The Snow Dragon near the North Pole, August 2010. © Xinhua/Zhang Jiansong

As a growing superpower, China is interested in projecting its power in maritime regions like the South China Sea and the Indian Ocean. It is also turning its eye towards the Arctic Ocean. An Asia Times article entitled “China, a Snow Dragon in the Arctic,” states,

“While Beijing’s interests and policy objectives there remain unclear, it is increasingly active and vocal on the international stage on issues concerning the region.”

China has not developed an Arctic strategy, domestic or international, akin to those of the Arctic Five. But it has been working bilaterally with different countries in the region, particularly Norway. It has a research base on Ny-Alesund, for instance.

One of the first things that sticks out in the article is that the author (Joe Spears, a Canadian) states that the Arctic holds 25% of the world’s oil and 9% of the world’s coal. Whereas articles in the Western media often talk about the region’s promise for oil and gas, little is ever said about coal, a fossil fuel that accounts for almost 70% of China’s electricity generation. The country is the world’s largest consumer of coal.

Already, we can see that China views the region differently from other nations, even if just in terms of its resources. China is not an Arctic littoral state, and it consequently has neither an EEZ nor a continental shelf in the region. It won’t be able to extract resources from the Arctic seabed because of this, so it will instead be forced to trade for Arctic resources. That puts it in a more dependent relationship with the Arctic Five and the eight Arctic states as a whole. China’s relationships with these countries will likely differ from its relationships with, for example, African countries, which provide the country with large amounts of natural resources. While China is a juggernaut in Africa, the players in the Arctic are much more developed economically and technologically, so in most scenarios would seem to hold the upper hand.

One possible exception is if Russia requires outside investments to help develop its hydrocarbon and mineral resources. It has already paired with European companies like Total and StatoilHydro to develop its offshore oil and gas fields. While Chinese companies are not yet in a position where they can offer such technical advice, it is not impossible to imagine a near-distant future where China becomes a major player in the Arctic by proxy, simply by financing Russian activities in the region.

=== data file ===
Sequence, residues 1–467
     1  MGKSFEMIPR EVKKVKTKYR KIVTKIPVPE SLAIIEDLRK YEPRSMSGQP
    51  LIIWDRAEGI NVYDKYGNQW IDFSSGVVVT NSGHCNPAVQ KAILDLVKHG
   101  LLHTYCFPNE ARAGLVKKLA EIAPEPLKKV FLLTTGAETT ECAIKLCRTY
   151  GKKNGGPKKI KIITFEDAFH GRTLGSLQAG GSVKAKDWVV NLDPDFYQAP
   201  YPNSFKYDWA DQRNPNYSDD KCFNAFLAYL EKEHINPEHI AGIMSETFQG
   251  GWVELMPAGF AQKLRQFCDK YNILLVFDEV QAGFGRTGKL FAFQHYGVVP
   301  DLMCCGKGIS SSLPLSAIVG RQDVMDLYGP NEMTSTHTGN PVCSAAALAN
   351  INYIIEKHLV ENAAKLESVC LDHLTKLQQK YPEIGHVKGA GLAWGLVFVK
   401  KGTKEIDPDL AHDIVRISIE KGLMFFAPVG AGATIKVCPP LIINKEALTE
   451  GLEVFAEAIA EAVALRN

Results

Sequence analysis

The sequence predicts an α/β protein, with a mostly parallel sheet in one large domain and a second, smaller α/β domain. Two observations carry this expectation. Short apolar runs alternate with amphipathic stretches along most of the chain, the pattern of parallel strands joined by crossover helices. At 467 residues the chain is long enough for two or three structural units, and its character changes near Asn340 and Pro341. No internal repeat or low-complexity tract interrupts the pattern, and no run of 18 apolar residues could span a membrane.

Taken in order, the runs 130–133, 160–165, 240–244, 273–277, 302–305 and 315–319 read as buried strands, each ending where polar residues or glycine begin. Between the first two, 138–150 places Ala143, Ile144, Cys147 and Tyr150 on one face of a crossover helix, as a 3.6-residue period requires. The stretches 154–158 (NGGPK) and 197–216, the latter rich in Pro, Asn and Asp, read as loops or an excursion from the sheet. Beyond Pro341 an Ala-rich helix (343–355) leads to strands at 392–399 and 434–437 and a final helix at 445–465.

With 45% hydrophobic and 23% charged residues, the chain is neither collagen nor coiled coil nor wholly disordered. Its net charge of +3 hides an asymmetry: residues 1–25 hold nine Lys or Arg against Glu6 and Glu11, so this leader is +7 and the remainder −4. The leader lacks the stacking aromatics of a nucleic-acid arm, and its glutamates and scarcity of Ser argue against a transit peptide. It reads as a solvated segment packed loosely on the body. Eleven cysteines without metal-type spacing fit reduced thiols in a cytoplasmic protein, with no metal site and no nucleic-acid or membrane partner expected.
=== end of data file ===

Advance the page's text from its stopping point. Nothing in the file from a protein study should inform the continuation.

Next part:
In the meantime, China is trying to bolster its position in the High North by seeking observer status on the Arctic Council (which was denied). China is also trying to emphasize the rule of law in the Arctic. As quoted in the Asia Times article, last year, Rear Admiral Yin Zhin stated,

“The United Nations Convention on the Law of the Sea, the North Pole and surrounding areas are the commonwealth of the world’s people and do not belong to any one country… China must play an indispensable role in Arctic exploration as we have one-fifth of the world’s population.”

From this statement, it seems that China wants to ensure that the right of innocent passage is maintained in the Arctic. It has no obvious preference for the victors of the various sovereignty disputes in the Arctic, so long as their ships are still able to pass through, whether for trade or research.

So far, China’s role in Arctic exploration has been remarkable for a country without a historical connection to the region. It has had a polar research program since 1981, with scientists now working in both Antarctica and the Arctic. The Chinese have reached the South Pole and North Pole numerous times. The government has a non-nuclear icebreaker it purchased from the Ukraine in 1993, called the “Snow Dragon” (hence the title of the article), and it is planning to build an additional icebreaker as well, to the tune of $300 million. Though cheaper than the $700-900 million estimated for a new U.S. nuclear icebreakers, it still wouldn’t be easy for Congress to allocate this smaller amount of money to improve American capabilities in the Arctic. To a large extent, the Chinese government doesn’t have to report to constituents on how and why it is spending its money, whereas congressmen and senators must deal with disgruntled constituents in the Lower 48 complaining about their money going to waste in what many wrongly see to be a frozen land full of only reindeer, polar bears, and eskimos.